Tim Cartmell on Tai Ji Quan Practice and Principles Part One

Hey everyone, this series, like the ones on Xingyiquan and Baguazhang, will be about Tim’s thoughts and understanding of the principles and practices of Taijiquan specifically.  There is a plethora of information here, some of which are probably going to start some arguments, and I suggest you read the information first before jumping to a disagreement.  All of this material was found on the Shen Wu Discussion Boards, this is just a small bit that I pulled off a few years ago.

Basic Postural Requirements

I’d like to point out that nowhere in the Classics of Taijiquan is it written that practitioners should “round the upper back and tuck in.”

I’m assuming you are referring to “han xiong ba bei.”

“Han” means to hold something without force (in this case the chest) and “ba” means “to lift upward,” (in this case the upper back). Lifting is the opposite of “rounding” or slumping.

The classics say that the “wei lu” (coccyx) should be “zhong zheng.” “Zhong zheng” means to be “centered.” Being centered refers to a position between extremes (in this case, neither thrusting the hips back nor pulling the hips in with force).

Keep the alignment of the spine as relaxed and natural as possible. If you are using force to pull your hips up to the front, it is too far (just as if you are using force to arch your back, it is too far in the other direction).

Relaxing the lower back allows the tailbone to drop a little, but there should still be a curve in the lower back. Nature put it there for a reason.

The Kua is the area at the front of the hips where the head of the femur inserts into the pelvis. “Opening” the kua refers to extension of the hip (increasing the angle between the thigh and trunk).

I approach postural alignment from the point of view that there is one best way to use the body, that being according to the body’s natural design, since it is designed to be used that way (it would seem to be self-evident, but I’ve found it often is not), so there should be no difference in alignment among the Internal styles, since one doesn’t morph into different musculoskeletal systems when practicing different styles/movements. 

In regards to upward and downward movement, some Taijiquan teachers will advise keeping the head at the same height at all times with no up or down movement (which makes it difficult to explain why movements like “Single Whip” or “Needle at Sea Bottom” don’t violate their “always keep the head at the same height” rule). This idea may sometimes be beneficial in the beginning stages of training, but it violates one of the fundamental principles of Taijiquan practice. 

All movements in Taijiquan should be “three dimensional” (li ti) in nature; this involves horizontal displacement, vertical displacement and rotational movement occurring simultaneously at all times. Shifting the weight while turning the body without the vertical forces of compress/rebound is referred to as “flat turning” (ping zhuan) and is viewed as incomplete movement that results in less than whole body power. The vertical displacement can be large or small, but it is necessary if the goal is to generate the potential force of the body as a coordinated and unified whole.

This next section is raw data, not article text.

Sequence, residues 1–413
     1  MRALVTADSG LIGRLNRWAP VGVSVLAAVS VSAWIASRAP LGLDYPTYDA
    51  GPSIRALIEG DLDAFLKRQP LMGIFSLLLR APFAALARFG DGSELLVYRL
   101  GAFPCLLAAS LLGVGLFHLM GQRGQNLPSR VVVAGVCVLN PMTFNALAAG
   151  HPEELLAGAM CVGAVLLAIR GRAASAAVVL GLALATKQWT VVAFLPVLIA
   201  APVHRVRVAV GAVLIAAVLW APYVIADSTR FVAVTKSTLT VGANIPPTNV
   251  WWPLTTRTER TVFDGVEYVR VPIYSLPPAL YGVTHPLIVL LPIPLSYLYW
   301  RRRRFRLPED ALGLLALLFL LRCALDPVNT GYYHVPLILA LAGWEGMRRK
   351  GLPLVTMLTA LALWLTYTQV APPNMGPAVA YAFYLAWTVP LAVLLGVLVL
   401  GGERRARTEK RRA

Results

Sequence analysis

I suppose the meaning of “han xiong, ba bei” is open to interpretation, but if one opts to adhere to the original meaning of the characters (I do), it is to “hold” or “contain” the ribcage in its normal position while “lifting” the back. The result is an open and lifted chest with the upper back lengthened and not hunched over forward (for a good visual reference of the correct, natural posture, look at any small child). There is no variant of meaning in Chinese in which “han” is ever taken to mean “depress” or “collapse.” The character “ba” means to “pull upward” not “slump forward.” 

Finally, the ultimate test of how one should hold their alignment and generate force in a martial art is how well it works when you are fighting. Since this yields an objective rather than subjective result, everyone should be able to eventually figure it out for themselves.

Virtually all of my teachers advocated natural posture (although with some variation in amounts of tension used and sometimes with different emphasis on breathing methods). I did have a couple of Taijiquan teachers I studied with for relatively short periods that taught the collapsed chest, tucked tailbone, “Senile Posture,” and they tended to be less into practicing Taijiquan as a martial art. 

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It might be useful to you to look at pictures of our teacher’s teachers; it’s not difficult to find pictures of people like Wu Jianquan, Sun Lutang, Yang Chenfu, Fu Zhensong, Wang Xiangzhai, Li Cunyi, Zhang Zhaodong, Sun Xikun, Cheng Youlong and others who were active in the late 19th and early 20th centuries to get an idea of the posture of the famous teachers who were known for practical martial skills. These men were much closer to the source of their respective styles, and their primary concern was being able to actually fight.


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